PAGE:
Jump to Main Content
Hydrological regime and climate interactively shape riparian vegetation composition along the Colorado River, Grand Canyon
- Butterfield, Bradley J., Palmquist, Emily, Ralston, Barbara
- Applied vegetation science 2018 v.21 no.4 pp. 572-583
- atmospheric precipitation, botanical composition, climatic factors, drought, filters, floodplains, herbaceous plants, hydrology, models, niches, plant communities, prediction, riparian vegetation, rivers, surveys, temperature, woody plants, Arizona, Colorado River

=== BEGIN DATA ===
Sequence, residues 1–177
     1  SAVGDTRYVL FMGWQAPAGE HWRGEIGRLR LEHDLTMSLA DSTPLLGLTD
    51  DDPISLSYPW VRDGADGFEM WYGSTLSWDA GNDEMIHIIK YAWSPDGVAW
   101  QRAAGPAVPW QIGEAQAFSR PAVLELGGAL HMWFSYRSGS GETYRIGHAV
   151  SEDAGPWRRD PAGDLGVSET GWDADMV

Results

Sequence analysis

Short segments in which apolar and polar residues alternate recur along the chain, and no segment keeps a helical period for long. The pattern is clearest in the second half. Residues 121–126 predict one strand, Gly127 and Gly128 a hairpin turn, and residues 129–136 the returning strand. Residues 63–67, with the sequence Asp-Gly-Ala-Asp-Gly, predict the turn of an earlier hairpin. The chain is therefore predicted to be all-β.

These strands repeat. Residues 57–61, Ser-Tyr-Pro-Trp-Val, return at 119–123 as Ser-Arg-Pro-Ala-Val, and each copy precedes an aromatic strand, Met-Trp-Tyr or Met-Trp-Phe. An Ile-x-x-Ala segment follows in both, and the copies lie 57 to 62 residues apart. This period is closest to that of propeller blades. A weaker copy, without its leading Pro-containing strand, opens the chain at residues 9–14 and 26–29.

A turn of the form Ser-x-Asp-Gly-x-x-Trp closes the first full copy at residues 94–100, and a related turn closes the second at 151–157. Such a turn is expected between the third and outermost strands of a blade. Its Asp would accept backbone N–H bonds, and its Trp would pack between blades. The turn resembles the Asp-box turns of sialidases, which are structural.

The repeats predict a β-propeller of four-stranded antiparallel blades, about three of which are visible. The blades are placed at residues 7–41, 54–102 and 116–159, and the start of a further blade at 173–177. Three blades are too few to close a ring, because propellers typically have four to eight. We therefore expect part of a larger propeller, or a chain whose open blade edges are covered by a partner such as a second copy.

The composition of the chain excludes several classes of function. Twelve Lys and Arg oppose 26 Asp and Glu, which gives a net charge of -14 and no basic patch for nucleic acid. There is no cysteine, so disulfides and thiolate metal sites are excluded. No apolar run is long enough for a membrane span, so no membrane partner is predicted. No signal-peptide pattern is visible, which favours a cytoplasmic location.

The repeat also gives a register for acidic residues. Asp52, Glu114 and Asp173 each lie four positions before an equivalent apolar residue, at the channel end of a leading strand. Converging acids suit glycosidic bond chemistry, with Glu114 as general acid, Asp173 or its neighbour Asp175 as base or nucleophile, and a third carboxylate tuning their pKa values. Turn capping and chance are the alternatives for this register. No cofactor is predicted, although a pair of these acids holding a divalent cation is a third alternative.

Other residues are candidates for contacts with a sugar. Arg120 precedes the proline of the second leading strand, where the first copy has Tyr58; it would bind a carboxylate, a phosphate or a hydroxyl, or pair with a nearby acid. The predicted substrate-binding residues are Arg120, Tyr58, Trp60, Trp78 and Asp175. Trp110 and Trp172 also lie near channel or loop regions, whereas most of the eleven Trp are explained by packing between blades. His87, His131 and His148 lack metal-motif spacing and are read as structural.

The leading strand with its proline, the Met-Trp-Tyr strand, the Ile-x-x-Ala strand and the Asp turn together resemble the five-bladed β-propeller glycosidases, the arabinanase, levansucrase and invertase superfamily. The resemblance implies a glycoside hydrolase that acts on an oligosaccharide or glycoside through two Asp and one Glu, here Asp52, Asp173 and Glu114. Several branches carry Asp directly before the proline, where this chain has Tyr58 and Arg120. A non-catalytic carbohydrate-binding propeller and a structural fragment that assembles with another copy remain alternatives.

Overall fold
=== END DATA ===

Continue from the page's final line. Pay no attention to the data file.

- QUESTIONS: How closely do riparian plant communities track hydrological and climatic variation in space, and how do interactions among hydrological and climatic filters influence success of flow management strategies? LOCATION: Grand Canyon, Arizona, USA. METHODS: Multi‐year vegetation surveys were conducted across three hydrological zones—active channel, active flood‐plain and inactive flood‐plain—within each of 42 sandbars that vary geographically in temperature and precipitation along a 400‐km river segment. Ecological niche models were used to estimate locally optimal conditions of maximum inundation duration, elevation above daily peak flow, mean annual precipitation and mean maximum and minimum temperature for 16 of the most abundant woody and 58 of the most abundant herbaceous plant species. These estimates were used to calculate CWM environmental preferences, which were used to determine how closely vegetation preferences tracked local variation in environmental factors, and to assess interactive responses of species and communities to variation in hydrology and climate. RESULTS: Communities closely tracked hydrological variation across zones, but less so within zones. Communities tracked variation in minimum temperature more closely than maximum temperature or precipitation. At the species level, woody plants that were more abundant in wetter hydrological conditions were also more abundant in wetter climatic conditions, and vice versa. This relationship was even stronger at the community level, where there were significant negative relationships between CWM preferences of inundation duration and temperature for both woody and herbaceous vegetation. CONCLUSIONS: The climate–hydrology linkages found in this system suggest that increasing temperatures and drought are likely to reduce the inundation tolerance of riparian vegetation within the Grand Canyon. Increasing the duration of high‐flow events would likely reduce the abundance of encroaching woody vegetation but could also reduce the resilience of remaining vegetation to heatwaves and drought. The reinforcing effects of climatic and hydrological filters are likely to generally result in greater sensitivity of species composition to environmental change than if those environmental filters acted independently. These results have implications for predicting resource responses to environmental change, as well as prescriptions for direct vegetation management to enhance resilience.